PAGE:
The movie was “The Key”. Hell, I liked it. . . . The Key (1958 film) - Wikipedia
No Horatio Hornblower?
That’s it. Sophia Loren comes with the apartment. When the tug Captain assigned to the apartment
is killed by a U-boat, the next captain in line gets the apartment. And on it goes.
One of my all time favorites!
Also, Mowat’s, “The Serpents Coil”, another story of Foundation Maritime
Here’s 25 classics for sale for $102 plus $10 S&H on Ebay.
Maybe you are thinking of the movie “The Key” from the novel “Stella”
It starred Sofia Loren, William Holden, Trevor Howard
Stella was published under three different titles at different times: Stella, The Key, and The Distant Shore.
Rig Mover by Captain Johannes Webber
I don’t know how many of these have been listed, but…
The Great Green by Calvin Kentfield
Woody, Cisco and Me, by Jim Longhi
The Greatest Beer Run Ever by John “Chick” Donohue
Higliners by William McCloskey
Raiders by William McCloskey
Breakers by William McCloskey
Until The Sea Shall Free Them by Robert Frump
Liberty’s War by Herman Melton
John Barlycorn by Jack London
Death Ship by by B. Traven
Hell Around the Horn by Rick Spilman
Looking For A Ship by John McPhee
Cap’n Fatso by Daniel V. Gallery
Now Hear This by Daniel V. Gallery
The Old Man and The Sea by Ernest Hemingway
Dove by Robin Lee Graham
I like Clive Cussler novels. . . kind of. They sometimes don’t ring true to me in a maritime sense, though.
That’s funny because a coworker & I were discussing Clussler books & we both said the same thing. I’ll read one, then another right after, then call them garbage books & tell myself I won’t ever waste my time with one of his books again. A few years later I’ll see one in a ships library/bookshelf & do it all over again. It’s cheap literary maritime adventure porn.
What’s even weirder, I don’t ever recall being on a vessel with an English library/bookshelf & it not have a Cussler book or 3. They’re classics I guess?
I have a couple of ones at the house that I haven’t started yet. The Bucko Mate, and The Last of the Boom Ships. . . not novels, though.
His 2 books The Sea Hunters and the surprisingly titled Sea Hunters II are non fiction stories about wrecks and their individual stories. They’re pretty good.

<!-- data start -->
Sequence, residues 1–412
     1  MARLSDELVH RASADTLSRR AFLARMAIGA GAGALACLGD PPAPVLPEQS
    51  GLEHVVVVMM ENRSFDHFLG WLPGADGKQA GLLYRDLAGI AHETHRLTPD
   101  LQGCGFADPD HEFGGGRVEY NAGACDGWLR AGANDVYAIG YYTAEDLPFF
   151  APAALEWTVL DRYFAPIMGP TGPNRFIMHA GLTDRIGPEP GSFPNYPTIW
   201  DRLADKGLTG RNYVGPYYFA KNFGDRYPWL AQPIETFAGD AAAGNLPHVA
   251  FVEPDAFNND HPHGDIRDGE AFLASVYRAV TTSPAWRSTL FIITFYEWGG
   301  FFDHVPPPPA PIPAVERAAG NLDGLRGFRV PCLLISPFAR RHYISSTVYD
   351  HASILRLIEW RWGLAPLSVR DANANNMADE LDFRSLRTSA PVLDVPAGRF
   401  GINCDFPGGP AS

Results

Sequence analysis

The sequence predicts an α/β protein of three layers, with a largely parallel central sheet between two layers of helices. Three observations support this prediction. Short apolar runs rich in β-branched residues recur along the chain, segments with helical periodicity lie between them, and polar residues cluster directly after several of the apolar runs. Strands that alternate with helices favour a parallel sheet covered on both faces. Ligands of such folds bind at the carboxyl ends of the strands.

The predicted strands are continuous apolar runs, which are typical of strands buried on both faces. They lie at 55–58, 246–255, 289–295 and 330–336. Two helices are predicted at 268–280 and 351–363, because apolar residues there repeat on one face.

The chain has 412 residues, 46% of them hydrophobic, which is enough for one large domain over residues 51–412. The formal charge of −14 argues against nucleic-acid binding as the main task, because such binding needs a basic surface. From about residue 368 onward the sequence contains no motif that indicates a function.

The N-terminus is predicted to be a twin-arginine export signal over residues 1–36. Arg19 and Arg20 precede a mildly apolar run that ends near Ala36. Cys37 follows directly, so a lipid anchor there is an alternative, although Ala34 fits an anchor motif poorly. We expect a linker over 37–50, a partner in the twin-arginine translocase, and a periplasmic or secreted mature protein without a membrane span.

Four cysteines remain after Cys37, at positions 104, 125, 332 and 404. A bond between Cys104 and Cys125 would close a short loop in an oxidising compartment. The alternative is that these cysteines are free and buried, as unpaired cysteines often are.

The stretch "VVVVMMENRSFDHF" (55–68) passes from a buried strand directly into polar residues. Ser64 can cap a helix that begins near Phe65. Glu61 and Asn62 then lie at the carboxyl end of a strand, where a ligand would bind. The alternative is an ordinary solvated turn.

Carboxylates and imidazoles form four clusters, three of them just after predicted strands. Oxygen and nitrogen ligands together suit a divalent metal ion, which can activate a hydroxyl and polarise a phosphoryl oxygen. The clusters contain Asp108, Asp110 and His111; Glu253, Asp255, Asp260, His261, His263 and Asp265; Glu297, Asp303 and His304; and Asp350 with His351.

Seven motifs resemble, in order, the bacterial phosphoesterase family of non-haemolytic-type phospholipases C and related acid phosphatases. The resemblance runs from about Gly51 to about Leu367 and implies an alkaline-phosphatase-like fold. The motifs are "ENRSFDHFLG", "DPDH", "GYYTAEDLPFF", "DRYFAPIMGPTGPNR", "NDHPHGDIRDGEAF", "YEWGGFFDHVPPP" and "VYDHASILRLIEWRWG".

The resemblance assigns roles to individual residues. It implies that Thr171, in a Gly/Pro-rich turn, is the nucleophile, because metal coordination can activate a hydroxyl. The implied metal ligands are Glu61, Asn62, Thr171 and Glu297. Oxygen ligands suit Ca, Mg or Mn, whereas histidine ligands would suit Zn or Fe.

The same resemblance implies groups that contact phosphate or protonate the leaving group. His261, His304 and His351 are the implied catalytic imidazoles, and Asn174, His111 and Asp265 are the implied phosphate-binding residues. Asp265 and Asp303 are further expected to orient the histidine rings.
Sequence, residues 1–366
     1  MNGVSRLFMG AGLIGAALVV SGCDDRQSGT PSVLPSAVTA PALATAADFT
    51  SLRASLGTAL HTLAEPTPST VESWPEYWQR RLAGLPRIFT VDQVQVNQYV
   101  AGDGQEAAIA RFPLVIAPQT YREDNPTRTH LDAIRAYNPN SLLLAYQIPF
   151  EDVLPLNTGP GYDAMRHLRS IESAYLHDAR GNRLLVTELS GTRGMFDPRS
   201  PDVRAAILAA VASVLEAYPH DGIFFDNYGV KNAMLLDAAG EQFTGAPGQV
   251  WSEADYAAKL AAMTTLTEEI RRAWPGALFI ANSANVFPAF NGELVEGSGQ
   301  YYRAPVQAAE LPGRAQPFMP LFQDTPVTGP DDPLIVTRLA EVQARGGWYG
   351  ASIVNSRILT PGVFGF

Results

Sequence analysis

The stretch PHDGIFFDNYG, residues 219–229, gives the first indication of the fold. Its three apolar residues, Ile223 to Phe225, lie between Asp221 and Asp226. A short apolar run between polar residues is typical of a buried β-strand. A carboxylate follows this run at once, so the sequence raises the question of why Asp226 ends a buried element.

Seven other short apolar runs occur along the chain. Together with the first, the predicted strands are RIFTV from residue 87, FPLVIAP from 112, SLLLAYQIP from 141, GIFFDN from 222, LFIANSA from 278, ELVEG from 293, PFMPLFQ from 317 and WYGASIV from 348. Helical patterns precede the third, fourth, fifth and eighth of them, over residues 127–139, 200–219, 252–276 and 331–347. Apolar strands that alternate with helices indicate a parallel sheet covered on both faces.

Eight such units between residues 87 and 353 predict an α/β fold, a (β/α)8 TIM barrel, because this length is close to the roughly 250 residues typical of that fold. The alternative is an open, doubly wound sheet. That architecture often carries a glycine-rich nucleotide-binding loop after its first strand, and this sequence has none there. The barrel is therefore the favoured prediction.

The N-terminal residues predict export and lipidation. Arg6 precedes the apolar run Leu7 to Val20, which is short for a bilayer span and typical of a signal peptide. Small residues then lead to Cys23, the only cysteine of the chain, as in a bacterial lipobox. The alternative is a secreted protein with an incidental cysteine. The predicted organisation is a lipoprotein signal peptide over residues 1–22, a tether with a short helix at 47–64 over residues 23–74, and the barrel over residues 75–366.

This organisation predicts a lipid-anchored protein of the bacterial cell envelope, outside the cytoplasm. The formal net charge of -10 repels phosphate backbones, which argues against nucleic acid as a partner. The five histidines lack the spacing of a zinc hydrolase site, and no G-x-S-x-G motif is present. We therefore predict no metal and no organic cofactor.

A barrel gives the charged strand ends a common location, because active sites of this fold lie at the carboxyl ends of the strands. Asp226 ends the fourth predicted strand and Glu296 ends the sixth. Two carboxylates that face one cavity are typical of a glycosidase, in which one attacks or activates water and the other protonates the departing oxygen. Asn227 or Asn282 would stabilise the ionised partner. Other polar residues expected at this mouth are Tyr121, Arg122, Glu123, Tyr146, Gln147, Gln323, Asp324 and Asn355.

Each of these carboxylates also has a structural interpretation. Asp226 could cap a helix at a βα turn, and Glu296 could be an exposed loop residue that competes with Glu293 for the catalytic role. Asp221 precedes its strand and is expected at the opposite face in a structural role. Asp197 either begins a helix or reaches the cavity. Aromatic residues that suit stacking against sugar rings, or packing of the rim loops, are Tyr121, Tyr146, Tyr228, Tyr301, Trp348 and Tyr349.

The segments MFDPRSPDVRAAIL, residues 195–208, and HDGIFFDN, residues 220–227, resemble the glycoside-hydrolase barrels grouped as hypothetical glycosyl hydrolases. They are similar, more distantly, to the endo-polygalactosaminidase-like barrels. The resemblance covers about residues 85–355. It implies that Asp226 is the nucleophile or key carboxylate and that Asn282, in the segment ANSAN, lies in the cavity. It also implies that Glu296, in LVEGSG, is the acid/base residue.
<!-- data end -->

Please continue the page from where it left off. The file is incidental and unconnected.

Edit to add that I’m talking about Clive Cussler, I should have credited the author for those that aren’t following along.
Those are some of the best wreck hunting books I’ve read, ever. They stand out strongly from the rest of his body of work, in the same way as Nevil Shute’s Slide Rule, with no further comparison.
I take a couple used copies with me when I go back to work. Thanks.
Almost anything by Allan Villiers, but especially “The Way of a Ship”.
I did what I said, took them with me to read but can’t recommend them for “read aboard books”. At least not at the end of the day in your rack before you go to sleep. The Sea Hunters books are a collection of short stories consisting of 2 or 3 chapters each. The 1st & 2nd chapters tell true stories of dozens, hundreds or thousands of people being killed, blew up, incinerated, lost or drowned at sea. The last chapter or 2 tells the story about how Clive Clussar & his gang searched for the wreckage. Not a good idea for mariners to read about suffering terrible deaths at sea before going to sleep IMO. It probably breaks some STCW proper rest & watchkeeping rule.
How about light reading like Donald Duck and Popeye?
I did a quick search for maritime comics and got a Gcaptain result from 2012.
You’d be surprised how much I dwelt on different ways to die at sea during & after reading Cussler’s historical accounts of people perishing at sea. Tell your crew to read the first chapters of those short stories a month before CG, ABS or PS inspection & you’ll probably pass with flying colors.
ICE BROTHERS by Sloan Wilson & HUNGRY AS THE SEA by Wilbur Smith as well as the Jan de Hartog & Farley Mowat novels.